Monday, November 7, 2016

Wise words to ponder...

Today's crumb introduces us to Henry Van Dyke, 1852-1928. After graduating from Princeton University (with classmate and future President Woodrow Wilson) Henry became a professor of literature at Princeton.

One of his friends was Helen Keller, who said of him, "Dr. van Dyke is the kind of a friend to have when one is up against a difficult problem. He will take trouble, days and nights of trouble, if it is for somebody else or for some cause he is interested in."

Among his many inspiring writings, Van Dyke asks a question, which we might ask ourselves today.

"Are you willing to consider the needs and the desires of children; to remember the weakness and loneliness of people who are growing old; to stop asking how much your friends love you, but rather to ask yourself whether you love them enough; to bear in mind the things that other people bear in their hearts; to trim your lamp so it will give more light and less smoke; to make a grave for your ugly thoughts and a garden for your kindly feelings, with the gate wide open -- even for one day?"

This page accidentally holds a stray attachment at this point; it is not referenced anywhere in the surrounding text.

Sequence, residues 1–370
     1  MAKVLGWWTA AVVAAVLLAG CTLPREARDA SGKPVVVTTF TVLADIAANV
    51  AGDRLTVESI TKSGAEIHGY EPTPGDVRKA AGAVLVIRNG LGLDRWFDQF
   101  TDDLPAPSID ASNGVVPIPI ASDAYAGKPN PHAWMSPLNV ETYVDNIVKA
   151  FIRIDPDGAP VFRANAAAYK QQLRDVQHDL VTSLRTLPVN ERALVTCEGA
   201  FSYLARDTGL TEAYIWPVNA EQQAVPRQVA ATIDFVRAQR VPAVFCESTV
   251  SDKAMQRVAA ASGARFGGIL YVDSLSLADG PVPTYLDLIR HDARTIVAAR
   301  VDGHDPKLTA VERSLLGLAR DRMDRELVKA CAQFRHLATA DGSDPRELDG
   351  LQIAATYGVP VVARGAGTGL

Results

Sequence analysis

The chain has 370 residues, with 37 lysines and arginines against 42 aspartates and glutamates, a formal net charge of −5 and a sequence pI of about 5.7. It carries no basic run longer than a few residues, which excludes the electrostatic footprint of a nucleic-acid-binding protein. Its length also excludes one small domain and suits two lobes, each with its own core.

In one of his many poems, Van Dyke explains why one day may be long enough. His words were read at the funeral of Diana, Princess of Wales. He wrote,  "Time is too slow for those who wait, too swift for those who fear, too long for those who grieve, too short for those who rejoice, but for those who love, time is not.

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